“I’m going to make a pinkie-swear with you right here and now, Tom Walton; when, not if, you return from Afghanistan, you must come up here and I will have a mad passionate affair with you…” With this proposal, Thomas Walton, an infantry soldier in Alpha Company, Second Platoon, arrives at the threshold of events that will change his life forever.
Breakfast with the Dirt Cult chronicles the days of love and war in the life of Tom Walton. Torn between a beautiful, bibliophilic, Canadian ex-stripper and the hunt for Al-Qaeda in the mountains of Afghanistan, Walton finds himself forced to grapple with being a young man in the days of modernity. While Breakfast with the Dirt Cult has been written as a novel, it is based on a true story. The names have been changed and the chronology has been condensed for the sake of editing.
About the Author: Samuel Finlay served as an infantryman in Bosnia and Afghanistan. He enjoys reading good books, listening to old music, traveling, and sitting on porches. He was born and raised in Oklahoma.
Review from Mike B
I spent a year in Afghanistan in 2007-2008, and author Finlay definitely captures the mood of the Army around the time. He also does a great job portraying the camaraderie of the Army, whether at home training or during a deployment. The phrases he uses, for example, are absolutely spot-on and definitely took me back to my time in service, chuckling at the recognition of Army lingo. The booze-fueled ragers in the barracks are also hilarious and pretty close to reality.
While I found the character of Tom Walton to be at times slightly unbelievable for a man his young age, I have to admit that I met a few such well-educated and intellectually-curious enlisted men in my decade in the Army. I suppose it’s equally possible that there’s a stripper out there like the Amy character who is similarly intellectual and well-read, but for me her character did require some willing suspension of disbelief.
Finlay is also spot-on with his description of the relationship between Walton and Amy, and how it evolves then eventually unravels due to Walton’s ignorance of Amy’s inherent female hypergamy. Walton’s missteps at the end are blindingly obvious to anyone with a “red pill” understanding who realizes that, regardless of what they say, no woman actually wants a man to be vulnerable, whether emotionally or physically. Finlay demonstrates this exceedingly well, and it jibes perfectly with my personal post-war experiences (though mine was named Meredith rather than Amy).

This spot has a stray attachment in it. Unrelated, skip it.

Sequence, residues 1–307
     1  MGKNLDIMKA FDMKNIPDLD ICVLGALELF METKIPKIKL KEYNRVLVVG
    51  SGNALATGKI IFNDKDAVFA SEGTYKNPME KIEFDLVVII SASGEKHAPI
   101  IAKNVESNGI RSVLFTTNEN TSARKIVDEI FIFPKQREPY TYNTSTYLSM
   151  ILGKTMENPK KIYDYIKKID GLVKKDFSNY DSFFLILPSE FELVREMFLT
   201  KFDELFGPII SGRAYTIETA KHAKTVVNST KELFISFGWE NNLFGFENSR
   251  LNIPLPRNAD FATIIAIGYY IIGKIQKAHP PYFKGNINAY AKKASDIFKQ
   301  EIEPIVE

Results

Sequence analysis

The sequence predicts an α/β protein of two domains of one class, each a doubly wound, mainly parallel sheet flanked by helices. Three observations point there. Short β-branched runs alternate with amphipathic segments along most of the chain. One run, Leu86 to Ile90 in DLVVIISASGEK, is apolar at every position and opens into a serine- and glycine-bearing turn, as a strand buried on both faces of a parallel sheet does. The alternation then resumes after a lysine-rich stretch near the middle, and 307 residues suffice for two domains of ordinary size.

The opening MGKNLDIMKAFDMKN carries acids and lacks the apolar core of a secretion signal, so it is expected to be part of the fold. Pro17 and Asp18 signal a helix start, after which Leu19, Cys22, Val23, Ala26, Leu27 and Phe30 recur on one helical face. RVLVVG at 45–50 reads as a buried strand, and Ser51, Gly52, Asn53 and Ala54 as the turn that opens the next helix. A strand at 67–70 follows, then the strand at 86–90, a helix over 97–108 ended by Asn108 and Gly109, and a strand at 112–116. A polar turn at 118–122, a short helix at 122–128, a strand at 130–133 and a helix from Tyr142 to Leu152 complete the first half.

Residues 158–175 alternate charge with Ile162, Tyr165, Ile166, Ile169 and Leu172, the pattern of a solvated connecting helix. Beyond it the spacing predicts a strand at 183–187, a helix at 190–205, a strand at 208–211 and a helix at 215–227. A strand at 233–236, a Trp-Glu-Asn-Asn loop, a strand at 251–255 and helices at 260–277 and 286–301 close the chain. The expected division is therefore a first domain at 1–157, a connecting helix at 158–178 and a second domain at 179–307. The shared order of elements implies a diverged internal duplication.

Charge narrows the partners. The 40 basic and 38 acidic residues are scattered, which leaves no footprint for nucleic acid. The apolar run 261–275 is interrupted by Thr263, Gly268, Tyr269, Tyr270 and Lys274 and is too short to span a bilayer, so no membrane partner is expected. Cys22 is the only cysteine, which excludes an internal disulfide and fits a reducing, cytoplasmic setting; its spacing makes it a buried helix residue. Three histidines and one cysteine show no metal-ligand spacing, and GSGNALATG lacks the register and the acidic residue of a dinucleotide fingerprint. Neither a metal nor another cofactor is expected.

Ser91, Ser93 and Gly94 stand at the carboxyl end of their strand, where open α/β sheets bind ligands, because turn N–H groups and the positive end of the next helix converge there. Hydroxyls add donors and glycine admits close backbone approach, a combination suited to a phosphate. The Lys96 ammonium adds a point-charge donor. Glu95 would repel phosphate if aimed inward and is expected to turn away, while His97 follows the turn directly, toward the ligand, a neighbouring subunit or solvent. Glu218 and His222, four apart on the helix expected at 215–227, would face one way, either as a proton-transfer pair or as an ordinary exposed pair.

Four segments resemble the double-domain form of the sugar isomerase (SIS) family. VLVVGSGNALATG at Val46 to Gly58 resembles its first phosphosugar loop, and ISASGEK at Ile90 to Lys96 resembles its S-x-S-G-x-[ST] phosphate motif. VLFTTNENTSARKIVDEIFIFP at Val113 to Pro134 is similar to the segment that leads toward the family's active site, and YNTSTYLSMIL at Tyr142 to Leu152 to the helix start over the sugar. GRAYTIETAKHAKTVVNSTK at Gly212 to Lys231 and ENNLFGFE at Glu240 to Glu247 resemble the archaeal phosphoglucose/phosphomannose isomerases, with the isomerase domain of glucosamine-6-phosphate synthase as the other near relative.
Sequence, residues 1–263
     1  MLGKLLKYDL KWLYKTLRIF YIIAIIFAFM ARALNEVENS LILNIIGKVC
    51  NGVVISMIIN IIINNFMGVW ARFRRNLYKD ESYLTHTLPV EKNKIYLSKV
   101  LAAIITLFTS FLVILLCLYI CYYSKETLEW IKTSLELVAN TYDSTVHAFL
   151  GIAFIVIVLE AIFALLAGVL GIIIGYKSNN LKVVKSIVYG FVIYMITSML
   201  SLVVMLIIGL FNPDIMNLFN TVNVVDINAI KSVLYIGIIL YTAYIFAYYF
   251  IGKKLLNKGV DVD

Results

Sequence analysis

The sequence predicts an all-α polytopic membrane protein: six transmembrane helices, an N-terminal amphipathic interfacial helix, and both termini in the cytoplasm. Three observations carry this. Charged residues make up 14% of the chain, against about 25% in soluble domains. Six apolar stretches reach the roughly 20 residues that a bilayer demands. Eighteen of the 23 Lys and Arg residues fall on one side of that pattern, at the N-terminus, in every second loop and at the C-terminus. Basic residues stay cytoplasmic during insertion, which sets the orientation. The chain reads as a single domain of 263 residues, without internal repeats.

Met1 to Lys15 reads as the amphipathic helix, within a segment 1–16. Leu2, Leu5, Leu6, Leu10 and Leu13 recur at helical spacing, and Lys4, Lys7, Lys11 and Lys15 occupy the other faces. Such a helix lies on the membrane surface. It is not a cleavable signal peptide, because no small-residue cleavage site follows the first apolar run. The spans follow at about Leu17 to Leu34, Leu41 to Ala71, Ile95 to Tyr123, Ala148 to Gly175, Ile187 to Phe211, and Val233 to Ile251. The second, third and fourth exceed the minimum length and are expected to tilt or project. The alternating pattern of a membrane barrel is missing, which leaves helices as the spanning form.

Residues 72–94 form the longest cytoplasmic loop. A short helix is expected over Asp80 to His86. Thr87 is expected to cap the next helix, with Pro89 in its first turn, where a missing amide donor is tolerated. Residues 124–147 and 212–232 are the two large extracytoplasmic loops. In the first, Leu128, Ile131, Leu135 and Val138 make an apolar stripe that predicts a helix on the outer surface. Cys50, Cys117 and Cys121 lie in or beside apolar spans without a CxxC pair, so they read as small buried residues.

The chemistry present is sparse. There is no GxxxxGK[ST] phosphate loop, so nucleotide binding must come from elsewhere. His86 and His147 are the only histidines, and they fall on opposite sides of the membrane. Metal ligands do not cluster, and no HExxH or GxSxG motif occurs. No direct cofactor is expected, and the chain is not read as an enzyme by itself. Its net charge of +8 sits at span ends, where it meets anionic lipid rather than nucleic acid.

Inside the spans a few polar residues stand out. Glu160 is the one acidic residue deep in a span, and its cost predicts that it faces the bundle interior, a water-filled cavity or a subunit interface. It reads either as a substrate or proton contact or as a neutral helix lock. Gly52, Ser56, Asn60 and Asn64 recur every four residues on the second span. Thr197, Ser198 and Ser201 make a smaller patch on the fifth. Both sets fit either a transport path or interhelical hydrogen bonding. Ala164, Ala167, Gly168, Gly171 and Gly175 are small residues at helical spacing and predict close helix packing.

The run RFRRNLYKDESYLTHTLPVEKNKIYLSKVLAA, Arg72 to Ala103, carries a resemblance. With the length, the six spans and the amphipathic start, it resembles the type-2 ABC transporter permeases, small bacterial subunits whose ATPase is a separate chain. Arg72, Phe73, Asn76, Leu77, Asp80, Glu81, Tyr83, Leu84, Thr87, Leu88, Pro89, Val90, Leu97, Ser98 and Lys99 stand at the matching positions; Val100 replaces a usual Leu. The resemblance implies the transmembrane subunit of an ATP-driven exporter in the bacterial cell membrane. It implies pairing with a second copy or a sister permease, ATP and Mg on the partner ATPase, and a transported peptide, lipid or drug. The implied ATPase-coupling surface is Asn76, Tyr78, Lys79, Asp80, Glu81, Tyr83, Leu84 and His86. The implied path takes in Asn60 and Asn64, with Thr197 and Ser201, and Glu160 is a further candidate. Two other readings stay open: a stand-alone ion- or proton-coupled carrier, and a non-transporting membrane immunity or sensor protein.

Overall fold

People who are not conversant with “red pill” or “neomasculine” thinking will probably be shocked and appalled at some of the expository sequences in this book, though no one coming from a red pill perspective will be surprised at the opinions Finlay offers about the nature of nationalism, progressivism, social justice warriors, feminism, and the like. Like all neomasculine thinking, however, it isn’t for the faint of heart or those who run terrified from ideas that differ from those they find comforting. And that’s really my major criticism of this novel: the expository philosophical portions serve only to reinforce those already comfortable with neomasculine thought, but are long-winded enough to turn away those who are not. Women in particular are likely to be offended by large tracts of the book, but I think that’s okay since this isn’t really a novel written with women in mind.
Overall, it’s an excellent read for men who want to get a real feel for the military (or at least the Army) at war, the roller-coaster ride of emotions that often comes along with redeployment home, and the collision of real masculinity with today’s degenerating western culture. Recommended.
Posted by VTN on February 16, 2017, With 0 Reads, Filed under Life, Movies, Music, Books & Art. You can follow any responses to this entry through the RSS 2.0. You can skip to the end and leave a response. Pinging is currently not allowed.